ORLANDO -- Florida Republicans unanimously elevated Jacksonville businessman Lenny Curry to their party chairmanship Friday night in a somber meeting marked by tributes to the late state GOP chief Dave Bitner.
"I am ready to serve as the Republican Party of Florida chairman," Curry told the 181 members of the state executive committee who voted for him. "I am focused like a laser on ensuring that we have the leadership to stop Barack Obama's big-government agenda."
Curry, 41, was elected vice chairman last January when Bitner, a former state legislator, became chairman. Bitner was stricken with ALS, the debilitating affliction known as Lou Gehrig's Disease, and had planned to turn over the party to Curry during this weekend's Presidency 5 conference.
Lt. Gov. Jennifer Carroll, nominating Curry for the chair, cited Bitner's letter of resignation, in which he asked that Curry fulfill his term, which runs through the 2012 elections. "It's why we have a vice chairman," she said.
State Sen. John Thrasher of Jacksonville, who was speaker of the House when Bitner served there, said "we could not have had a better friend than Dave Bitner."
Curry, a Jacksonville accountant and business consultant, said the party is in good shape after two tumultuous years that saw former chairman Jim Greer forced to resign, and indicted on criminal charges involving party contracting. Thrasher filled in for 10 months between Greer's ouster and Bitner's election as chairman.
Besides winning Florida's 29 electoral votes for the GOP nominee, Curry said the state party is also gearing up to defeat U.S. Sen. Bill Nelson, the lone Democrat remaining in statewide elected office. The Presidency 5 weekend featured a debate of presidential candidates Thursday night, speeches by the four GOP Senate candidates on Friday and a presidential straw ballot on Saturday.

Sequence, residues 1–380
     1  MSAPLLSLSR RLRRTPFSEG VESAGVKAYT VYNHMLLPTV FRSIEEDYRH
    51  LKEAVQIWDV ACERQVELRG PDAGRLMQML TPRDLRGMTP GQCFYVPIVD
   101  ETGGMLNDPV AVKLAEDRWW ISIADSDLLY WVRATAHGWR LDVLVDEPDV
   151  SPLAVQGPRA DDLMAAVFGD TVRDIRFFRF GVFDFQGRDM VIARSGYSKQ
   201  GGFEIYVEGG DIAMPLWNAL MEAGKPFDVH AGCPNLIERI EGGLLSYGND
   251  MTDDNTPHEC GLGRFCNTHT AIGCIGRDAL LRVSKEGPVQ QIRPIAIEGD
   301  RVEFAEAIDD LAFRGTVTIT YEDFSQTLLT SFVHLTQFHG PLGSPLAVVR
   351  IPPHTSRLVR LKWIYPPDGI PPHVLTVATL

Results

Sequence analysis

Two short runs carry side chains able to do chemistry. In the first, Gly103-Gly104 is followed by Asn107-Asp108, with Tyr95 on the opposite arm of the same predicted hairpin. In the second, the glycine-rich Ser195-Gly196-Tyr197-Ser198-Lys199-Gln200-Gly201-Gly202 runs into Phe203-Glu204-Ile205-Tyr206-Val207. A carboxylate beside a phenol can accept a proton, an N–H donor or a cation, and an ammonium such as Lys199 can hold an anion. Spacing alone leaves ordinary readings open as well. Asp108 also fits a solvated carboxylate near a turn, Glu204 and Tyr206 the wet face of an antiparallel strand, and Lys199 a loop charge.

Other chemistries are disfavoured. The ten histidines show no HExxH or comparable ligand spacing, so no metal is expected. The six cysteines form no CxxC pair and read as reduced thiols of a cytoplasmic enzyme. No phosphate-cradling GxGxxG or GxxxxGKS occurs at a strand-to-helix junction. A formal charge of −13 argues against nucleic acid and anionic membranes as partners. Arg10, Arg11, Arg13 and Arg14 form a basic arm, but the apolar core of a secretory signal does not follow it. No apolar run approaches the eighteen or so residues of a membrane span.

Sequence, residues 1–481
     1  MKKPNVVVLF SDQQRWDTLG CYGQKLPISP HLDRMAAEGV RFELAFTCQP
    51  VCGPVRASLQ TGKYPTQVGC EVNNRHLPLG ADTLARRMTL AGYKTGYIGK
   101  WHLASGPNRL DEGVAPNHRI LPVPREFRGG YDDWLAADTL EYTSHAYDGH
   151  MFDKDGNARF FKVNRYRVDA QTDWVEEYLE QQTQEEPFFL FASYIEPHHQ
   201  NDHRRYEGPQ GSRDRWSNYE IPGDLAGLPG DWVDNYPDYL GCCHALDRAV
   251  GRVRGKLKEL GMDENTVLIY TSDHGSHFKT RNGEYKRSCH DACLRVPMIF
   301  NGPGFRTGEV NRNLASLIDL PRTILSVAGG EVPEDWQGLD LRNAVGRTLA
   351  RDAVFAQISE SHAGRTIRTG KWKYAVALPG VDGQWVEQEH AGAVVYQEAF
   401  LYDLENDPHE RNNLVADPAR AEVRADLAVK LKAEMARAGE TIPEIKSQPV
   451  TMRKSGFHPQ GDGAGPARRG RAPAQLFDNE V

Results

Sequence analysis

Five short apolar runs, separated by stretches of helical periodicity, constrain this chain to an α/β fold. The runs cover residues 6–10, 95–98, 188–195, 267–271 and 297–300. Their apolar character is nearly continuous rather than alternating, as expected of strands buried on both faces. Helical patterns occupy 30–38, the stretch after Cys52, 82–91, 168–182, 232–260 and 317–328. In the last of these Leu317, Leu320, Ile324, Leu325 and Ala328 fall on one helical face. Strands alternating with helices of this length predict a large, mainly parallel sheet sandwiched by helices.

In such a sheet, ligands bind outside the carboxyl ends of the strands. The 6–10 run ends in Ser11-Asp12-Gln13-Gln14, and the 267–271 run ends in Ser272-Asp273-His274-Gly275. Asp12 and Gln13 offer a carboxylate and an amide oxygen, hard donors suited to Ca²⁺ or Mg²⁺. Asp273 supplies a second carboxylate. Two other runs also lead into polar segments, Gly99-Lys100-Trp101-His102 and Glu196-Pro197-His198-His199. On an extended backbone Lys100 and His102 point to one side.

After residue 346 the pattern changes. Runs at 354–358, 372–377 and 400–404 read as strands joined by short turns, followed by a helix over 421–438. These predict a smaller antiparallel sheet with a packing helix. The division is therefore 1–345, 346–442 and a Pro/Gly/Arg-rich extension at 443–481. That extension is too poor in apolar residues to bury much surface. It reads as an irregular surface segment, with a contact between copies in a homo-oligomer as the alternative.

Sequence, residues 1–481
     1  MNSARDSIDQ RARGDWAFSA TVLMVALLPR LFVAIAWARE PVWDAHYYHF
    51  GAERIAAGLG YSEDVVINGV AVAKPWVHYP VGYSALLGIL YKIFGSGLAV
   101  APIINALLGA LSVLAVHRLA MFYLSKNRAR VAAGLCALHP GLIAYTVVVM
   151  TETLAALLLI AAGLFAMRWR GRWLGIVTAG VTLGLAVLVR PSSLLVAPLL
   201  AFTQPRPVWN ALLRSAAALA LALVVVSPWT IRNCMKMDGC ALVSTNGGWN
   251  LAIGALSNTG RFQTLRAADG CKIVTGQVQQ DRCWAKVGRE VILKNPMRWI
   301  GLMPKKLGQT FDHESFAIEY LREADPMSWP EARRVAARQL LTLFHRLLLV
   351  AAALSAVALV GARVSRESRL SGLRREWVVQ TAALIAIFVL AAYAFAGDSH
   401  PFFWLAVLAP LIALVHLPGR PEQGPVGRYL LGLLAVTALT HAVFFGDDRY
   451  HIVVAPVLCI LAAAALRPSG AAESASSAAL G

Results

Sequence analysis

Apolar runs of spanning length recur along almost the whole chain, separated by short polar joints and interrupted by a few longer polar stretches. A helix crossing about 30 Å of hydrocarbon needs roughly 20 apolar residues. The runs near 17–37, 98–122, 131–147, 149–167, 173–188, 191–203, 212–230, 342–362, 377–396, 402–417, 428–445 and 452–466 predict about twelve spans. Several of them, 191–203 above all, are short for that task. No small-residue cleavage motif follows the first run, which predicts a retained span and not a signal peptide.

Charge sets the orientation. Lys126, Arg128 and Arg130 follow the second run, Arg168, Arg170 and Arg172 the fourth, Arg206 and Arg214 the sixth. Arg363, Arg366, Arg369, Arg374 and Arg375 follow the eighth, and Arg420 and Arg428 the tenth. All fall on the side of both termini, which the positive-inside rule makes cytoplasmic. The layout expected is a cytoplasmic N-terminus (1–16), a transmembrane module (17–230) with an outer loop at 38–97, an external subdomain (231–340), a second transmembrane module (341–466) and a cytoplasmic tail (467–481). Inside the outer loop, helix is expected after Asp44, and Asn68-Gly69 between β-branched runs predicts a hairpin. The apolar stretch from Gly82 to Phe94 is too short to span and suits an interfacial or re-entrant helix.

"Barack Obama and Bill Nelson have no idea what small-business owners and families have to go through," Curry said. "Neither one of them ever created a job but we are going to make sure that they find out what it means to find a new job."
After the vote, Curry said he favors an early presidential primary. National party rules require all states to wait for March 6, except for Iowa, New Hampshire, South Carolina and Nevada. A special state commission has been created to set the date for Florida. On Friday, the commission delayed until Sept. 30 a final decision on a Florida primary date, but said it generally favored holding it as soon after South Carolina's Feb. 28 primary as possible.
"Florida needs to go early - early enough to have a big voice," said Curry. "Florida Republicans are pretty close to what you see nationwide. We're a real test of electability."